New York City train map
New York train lines map. New York City train map (New York - USA) to print. New York City train map (New York - USA) to download. Many rapid transit systems of New York City run relatively static routings, so that a train "line" is more or less synonymous with a train "route" as its shown in New York City train map. In New York City, routings change often as new connections are opened or service patterns change. Within the nomenclature of New York City subway, the "line" describes the physical railroad track or series of tracks that a train "route" uses on its way from one terminal to another.
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There are 24 train services in the subway system of New York City, including three short shuttles. Each route has a color and a local or express designation representing the Manhattan trunk line of the particular service as its shown in New York City train map. The color lime green is exclusively assigned to the Crosstown Line route since it operates entirely outside Manhattan while the shuttles are all assigned dark slate gray. The 1, 6, 7, C, G, L, M and R trains of New York City are fully local; making all stops. The 2, 3, 4, 5, <6>, <7>, A, B, D, E, F, N and Q trains have portions of express and local service.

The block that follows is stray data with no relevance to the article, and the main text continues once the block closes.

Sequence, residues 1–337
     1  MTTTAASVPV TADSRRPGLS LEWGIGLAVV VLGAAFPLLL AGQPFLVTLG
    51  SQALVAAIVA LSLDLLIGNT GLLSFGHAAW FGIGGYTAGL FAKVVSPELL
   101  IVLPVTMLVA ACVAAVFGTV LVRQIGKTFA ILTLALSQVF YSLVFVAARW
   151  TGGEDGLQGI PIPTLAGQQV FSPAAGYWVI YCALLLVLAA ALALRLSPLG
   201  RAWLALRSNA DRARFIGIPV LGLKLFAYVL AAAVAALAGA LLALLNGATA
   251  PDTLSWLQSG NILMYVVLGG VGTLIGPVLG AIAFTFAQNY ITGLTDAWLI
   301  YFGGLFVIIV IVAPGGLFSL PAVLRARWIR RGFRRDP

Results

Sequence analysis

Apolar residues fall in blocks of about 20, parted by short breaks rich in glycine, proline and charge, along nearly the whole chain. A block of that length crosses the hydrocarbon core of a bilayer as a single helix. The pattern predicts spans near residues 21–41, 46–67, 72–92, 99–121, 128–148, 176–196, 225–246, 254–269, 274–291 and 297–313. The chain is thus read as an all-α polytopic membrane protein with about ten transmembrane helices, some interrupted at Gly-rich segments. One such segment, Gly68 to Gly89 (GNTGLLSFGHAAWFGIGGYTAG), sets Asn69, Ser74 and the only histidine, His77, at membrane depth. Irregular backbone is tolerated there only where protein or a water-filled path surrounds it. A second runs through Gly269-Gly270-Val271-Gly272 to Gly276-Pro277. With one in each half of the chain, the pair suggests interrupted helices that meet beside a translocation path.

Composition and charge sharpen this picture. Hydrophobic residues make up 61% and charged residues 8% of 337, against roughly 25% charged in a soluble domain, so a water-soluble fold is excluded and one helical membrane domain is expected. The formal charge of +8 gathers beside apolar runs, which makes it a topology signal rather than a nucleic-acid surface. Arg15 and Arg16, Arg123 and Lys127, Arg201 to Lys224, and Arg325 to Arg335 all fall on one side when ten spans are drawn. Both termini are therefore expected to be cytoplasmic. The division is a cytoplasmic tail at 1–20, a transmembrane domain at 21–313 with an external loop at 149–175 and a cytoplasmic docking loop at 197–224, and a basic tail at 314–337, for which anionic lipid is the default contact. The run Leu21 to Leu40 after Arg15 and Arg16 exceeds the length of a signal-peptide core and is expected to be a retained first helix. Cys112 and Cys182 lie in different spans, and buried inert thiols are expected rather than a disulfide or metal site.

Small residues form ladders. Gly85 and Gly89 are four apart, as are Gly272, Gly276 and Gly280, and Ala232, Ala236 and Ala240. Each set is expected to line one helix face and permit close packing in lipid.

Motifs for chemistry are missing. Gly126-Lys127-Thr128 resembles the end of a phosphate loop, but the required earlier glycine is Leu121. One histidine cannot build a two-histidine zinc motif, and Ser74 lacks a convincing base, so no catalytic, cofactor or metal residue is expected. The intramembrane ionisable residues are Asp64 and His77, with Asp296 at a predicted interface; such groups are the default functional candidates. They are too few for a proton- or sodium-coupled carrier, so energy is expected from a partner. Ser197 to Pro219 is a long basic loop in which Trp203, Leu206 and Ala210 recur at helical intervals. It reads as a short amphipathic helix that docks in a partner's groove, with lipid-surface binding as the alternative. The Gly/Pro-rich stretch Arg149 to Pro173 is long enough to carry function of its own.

The New York City "Routes" (also called "services") are distinguished by a letter or a number and "Lines" have names as its mentioned in New York City train map. They are also designations for New York City trains, as exemplified in the Billy Strayhorn song Take the "A" Train. This terminology is also used to a loose extent in the Taipei Metro.
The current color system of New York City train depicted on official subway maps was proposed by R. Raleigh D'Adamo, a lawyer who entered a contest sponsored by the Transit Authority of New York City in 1964. D'Adamo proposed replacing a map that used only three colors (representing the three operating entities of the subway network as its shown in New York City train map) with a map that used a different color for each service. D'Adamo contest entry shared first place with two others and led to the Transit Authority adopting a multi-colored scheme.
The lines and services of New York City train are not referred to by color (e.g., Blue Line or Green Line as its shown in New York City train map), although the colors are often assigned through their groups. Though the subway system of New York City operates on a 24-hour basis, some of the designated routes do not run, run as a shorter route or run with a different stopping pattern during late night hours.